Magali and Miles – Breastfeeding mini session

I love babies. I love everything about them. Small ones, big ones, ones with hair, ones without. I am a baby person 🙂 I find them equally as cute no matter how they are fed. But there is just something about seeing a mother breastfeeding her child that speaks to me deeply. It is something I feel passionate about, something that I truly believe is special. Not in a “breastfed babies are better” way, not at all. But in a primal way.

I am so honoured every time someone hires me to capture these moments for them. Often I am asked not to share, and obviously I completely respect that. For some feeding is a private thing that they want to record just for themselves, and that is absolutely ok 🙂 But that just makes it even more special when I am allowed to share!


Magali is one of those few who have consented to sharing. From the moment she told me she would prefer a public shoot to a home session I knew we were on the same wavelength! I think we were both overjoyed that the weather was kind on the day of the shoot, so we were able to head to the park.


The autumn colours were out in force and gave the location such a beautiful palette!


Miles was just adorable, giving me lots of smiles. Such a happy baby! Thankfully he was hungry too, so we were able to maximise the variety from the session.


I am so happy to have been able to capture these memories for Magali and Miles. The photos make me smile, and hopefully by sharing them we are doing our bit to help breastfeeding be seen as the natural, biological, “normal” act that it is.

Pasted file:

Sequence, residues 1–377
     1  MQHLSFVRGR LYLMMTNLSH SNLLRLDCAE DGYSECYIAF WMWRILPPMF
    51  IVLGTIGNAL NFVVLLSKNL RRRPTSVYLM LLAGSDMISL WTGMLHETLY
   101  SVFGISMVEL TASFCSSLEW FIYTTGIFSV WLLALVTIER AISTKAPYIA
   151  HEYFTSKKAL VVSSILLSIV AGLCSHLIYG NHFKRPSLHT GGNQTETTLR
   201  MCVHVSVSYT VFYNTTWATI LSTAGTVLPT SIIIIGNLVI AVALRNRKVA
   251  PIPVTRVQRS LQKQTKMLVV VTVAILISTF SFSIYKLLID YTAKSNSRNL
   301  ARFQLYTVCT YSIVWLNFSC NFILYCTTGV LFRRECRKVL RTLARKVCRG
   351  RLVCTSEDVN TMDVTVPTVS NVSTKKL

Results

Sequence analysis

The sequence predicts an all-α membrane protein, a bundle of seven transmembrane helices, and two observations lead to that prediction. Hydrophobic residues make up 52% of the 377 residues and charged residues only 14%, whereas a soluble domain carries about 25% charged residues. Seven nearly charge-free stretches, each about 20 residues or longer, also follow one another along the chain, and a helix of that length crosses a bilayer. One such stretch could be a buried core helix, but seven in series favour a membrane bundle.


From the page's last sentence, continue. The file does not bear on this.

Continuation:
Breastfeeding mini sessions are just £45*, bookings available for home or public sessions.

*A 50p per mile surcharge is payable for sessions taking place 15 miles or over outside the Hythe area.


More education – Adding another string to my bow!

I’m so excited! Tomorrow marks the start of a new journey for me, something I have wanted to do for a very long time.

Tomorrow I have my first Sure start volunteer training session. And the day after that, my very first Breastfeeding peer supporter training session! Eek!

I’ve been passionate about breastfeeding since my third baby was born. We had so many issues, from a c-section birth to 10% weight loss in the first week, to being hospitalised at 6 weeks seriously ill with bronchiolitis, to undiagnosed silent reflux and all that goes with it. I managed to get through them all. And I couldn’t have done it without the help of a forum full of ladies who were a font of all knowledge when it came to breastfeeding. Some were professionals, some just spoke from experience. But they helped me so much. I have tried to pay that forward ever since. So being accepted to train as a peer supporter is a dream come true for me!

I already feel that I’ve learnt so much about breastfeeding, but I know there is more to learn, and I’m so excited to have the opportunity.

It also means that I can provide an extra service to my clients, if needed. Which makes me so happy, because I can combine two of the things I am most passionate about!

I’ll keep you all up to date with my training journey.


Breastfeeding campaign UK – Kerry and Gabby